For those who are new to the concept of inventory turnover, let me start by explaining what inventory turnover is. Inventory turnover reflects how often your inventory is sold and re-purchased (turned over) within an accounting period. The formula is Inventory Turnover = Cost Of Goods Sold / Average Dollar Value of Inventory On-hand. Turning inventory fast is good for cash flow and profits.
Here is an example; (these figures are made up to make the math easy). Let us say you buy a table for $1000, and you plan to sell it for $2,000. Tables are not selling well, and it takes you one year to sell the table for $2,000. Your gross profit is $1,000 on your inventory investment of $1,000. But, let us say you sell the table in six months for $2,000, re-invest your original $1,000 into another table, which you sell six months later. You have turned your table inventory twice. Your inventory investment has remained at $1,000, but now in the same period (one year) you have made $2,000 gross profit on your original $1,000 investment. The key here is to turn your inventory as fast as possible. That way, you get a bigger return on your inventory investment.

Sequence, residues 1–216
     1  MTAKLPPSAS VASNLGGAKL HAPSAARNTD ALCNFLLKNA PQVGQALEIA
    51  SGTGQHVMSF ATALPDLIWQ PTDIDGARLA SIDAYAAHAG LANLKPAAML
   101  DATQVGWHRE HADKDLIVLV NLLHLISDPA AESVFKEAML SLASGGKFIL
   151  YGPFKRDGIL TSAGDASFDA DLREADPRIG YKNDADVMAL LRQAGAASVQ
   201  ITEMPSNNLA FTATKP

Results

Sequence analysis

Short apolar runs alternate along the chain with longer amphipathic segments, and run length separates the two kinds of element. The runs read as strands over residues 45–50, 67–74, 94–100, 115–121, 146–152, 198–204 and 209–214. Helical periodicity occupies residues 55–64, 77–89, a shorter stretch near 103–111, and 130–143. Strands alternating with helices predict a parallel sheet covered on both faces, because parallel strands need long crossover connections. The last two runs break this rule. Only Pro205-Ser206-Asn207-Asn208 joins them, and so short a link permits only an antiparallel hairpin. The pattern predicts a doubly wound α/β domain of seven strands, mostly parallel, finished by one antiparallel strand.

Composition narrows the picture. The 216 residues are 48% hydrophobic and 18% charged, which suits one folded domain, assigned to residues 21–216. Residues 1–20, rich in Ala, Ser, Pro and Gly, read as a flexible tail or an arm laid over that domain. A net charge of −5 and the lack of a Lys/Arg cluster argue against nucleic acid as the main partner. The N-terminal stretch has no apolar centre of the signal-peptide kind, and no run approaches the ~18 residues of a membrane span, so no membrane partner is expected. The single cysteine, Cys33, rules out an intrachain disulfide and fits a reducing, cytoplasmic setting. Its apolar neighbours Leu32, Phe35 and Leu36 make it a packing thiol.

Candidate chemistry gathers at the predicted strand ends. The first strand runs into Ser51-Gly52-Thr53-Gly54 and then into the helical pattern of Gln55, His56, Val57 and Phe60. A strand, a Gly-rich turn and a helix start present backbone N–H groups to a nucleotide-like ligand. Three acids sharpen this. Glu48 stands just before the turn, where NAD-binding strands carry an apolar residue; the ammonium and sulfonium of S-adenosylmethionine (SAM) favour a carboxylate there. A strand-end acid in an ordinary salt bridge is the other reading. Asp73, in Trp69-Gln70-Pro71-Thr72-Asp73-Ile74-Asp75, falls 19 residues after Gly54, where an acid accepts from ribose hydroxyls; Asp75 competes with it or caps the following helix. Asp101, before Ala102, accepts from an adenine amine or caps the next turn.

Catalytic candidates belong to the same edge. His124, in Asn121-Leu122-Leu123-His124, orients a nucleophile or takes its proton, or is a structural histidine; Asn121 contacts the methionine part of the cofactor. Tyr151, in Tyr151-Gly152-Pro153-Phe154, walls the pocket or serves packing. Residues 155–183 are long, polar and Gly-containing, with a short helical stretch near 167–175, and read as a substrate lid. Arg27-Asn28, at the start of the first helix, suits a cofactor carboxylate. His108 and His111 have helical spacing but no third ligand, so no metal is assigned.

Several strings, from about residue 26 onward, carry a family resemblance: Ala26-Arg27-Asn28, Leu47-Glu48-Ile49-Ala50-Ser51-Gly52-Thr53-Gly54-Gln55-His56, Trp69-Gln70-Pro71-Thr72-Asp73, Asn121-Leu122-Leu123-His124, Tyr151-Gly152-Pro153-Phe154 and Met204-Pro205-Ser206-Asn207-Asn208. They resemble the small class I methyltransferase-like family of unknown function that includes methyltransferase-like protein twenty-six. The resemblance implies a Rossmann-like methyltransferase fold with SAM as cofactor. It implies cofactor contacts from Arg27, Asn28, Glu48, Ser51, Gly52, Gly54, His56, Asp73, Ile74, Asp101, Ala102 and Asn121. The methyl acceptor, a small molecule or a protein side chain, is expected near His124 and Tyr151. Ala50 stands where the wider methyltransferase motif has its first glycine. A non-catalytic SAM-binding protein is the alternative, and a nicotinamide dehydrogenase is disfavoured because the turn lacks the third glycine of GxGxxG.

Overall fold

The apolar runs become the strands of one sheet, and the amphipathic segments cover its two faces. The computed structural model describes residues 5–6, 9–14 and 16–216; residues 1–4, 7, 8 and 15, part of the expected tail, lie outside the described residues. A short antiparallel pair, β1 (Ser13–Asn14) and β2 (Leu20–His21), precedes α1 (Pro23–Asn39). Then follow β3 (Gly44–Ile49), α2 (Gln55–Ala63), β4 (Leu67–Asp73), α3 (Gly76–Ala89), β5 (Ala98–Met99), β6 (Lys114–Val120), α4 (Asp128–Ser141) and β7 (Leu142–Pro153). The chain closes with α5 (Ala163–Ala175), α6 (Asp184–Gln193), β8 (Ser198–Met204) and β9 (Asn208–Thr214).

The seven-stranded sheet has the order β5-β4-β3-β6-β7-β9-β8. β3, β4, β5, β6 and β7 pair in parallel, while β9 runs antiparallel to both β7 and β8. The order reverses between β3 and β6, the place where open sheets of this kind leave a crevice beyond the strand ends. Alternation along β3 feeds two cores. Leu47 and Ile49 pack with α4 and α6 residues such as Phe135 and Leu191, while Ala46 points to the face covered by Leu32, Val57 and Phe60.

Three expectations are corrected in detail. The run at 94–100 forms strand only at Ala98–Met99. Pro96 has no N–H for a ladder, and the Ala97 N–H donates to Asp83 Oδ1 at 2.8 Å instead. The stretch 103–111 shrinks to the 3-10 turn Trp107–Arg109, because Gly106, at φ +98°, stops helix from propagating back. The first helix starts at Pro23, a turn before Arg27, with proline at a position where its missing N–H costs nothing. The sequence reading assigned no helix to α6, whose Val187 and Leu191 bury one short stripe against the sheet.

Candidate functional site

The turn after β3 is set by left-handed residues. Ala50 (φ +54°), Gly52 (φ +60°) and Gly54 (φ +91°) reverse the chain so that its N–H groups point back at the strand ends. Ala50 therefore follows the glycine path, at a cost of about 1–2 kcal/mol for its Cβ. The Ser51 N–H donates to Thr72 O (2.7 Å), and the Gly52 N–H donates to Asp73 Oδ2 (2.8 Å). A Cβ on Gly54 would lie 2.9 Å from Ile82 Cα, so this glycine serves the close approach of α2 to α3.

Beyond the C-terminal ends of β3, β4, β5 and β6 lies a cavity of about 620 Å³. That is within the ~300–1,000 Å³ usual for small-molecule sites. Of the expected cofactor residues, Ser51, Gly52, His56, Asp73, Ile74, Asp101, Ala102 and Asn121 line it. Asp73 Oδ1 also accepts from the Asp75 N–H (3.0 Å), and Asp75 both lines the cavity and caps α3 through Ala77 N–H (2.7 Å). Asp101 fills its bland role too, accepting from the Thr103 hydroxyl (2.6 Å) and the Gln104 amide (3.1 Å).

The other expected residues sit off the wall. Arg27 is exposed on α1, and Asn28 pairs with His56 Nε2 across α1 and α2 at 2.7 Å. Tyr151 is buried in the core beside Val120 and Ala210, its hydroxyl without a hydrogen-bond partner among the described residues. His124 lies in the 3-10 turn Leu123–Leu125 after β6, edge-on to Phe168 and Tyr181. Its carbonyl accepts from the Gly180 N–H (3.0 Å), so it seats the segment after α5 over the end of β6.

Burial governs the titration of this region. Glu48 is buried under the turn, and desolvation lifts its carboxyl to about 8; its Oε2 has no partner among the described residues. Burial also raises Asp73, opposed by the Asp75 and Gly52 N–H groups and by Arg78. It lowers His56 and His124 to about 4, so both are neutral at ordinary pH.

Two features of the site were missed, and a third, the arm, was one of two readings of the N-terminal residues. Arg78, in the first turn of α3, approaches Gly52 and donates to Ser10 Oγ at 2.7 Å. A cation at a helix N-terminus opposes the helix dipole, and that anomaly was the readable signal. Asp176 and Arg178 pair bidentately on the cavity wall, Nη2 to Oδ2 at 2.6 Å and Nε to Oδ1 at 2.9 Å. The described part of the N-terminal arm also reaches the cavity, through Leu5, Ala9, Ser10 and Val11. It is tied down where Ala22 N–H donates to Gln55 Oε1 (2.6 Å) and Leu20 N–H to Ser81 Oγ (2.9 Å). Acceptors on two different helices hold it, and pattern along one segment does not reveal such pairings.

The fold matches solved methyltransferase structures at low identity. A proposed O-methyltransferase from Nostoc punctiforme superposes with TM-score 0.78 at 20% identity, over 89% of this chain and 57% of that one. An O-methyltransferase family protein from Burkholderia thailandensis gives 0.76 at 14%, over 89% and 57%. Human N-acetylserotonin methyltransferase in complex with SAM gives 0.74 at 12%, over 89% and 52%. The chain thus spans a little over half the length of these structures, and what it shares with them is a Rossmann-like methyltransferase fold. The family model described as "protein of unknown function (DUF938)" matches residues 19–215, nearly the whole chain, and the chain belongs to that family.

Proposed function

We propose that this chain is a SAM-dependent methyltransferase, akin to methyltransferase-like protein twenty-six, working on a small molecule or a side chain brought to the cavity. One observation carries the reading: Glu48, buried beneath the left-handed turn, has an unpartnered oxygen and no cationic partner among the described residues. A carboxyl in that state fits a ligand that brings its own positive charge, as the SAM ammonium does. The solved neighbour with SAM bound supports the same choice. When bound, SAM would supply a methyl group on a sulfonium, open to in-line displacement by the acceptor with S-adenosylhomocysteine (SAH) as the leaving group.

You can use this calculator to figure turns for your inventory as a whole, or for individual departments. Here are the instructions for use; in the directions I am calculating annual turnover.
- Enter the cost of goods sold for the year. Usually, this will be a line-item on your income statement. If you don’t have that number, you’ll have to add up the wholesale costs of all the items you want to include in the calculation.
- Enter the average wholesale value of your entire inventory for the year. To do this, add together the ending inventories for each of the 12 months and divide by the number of months in the time
Cost of goods sold: $100,000
Average inventory: $50,000
INVENTORY TURNS: 2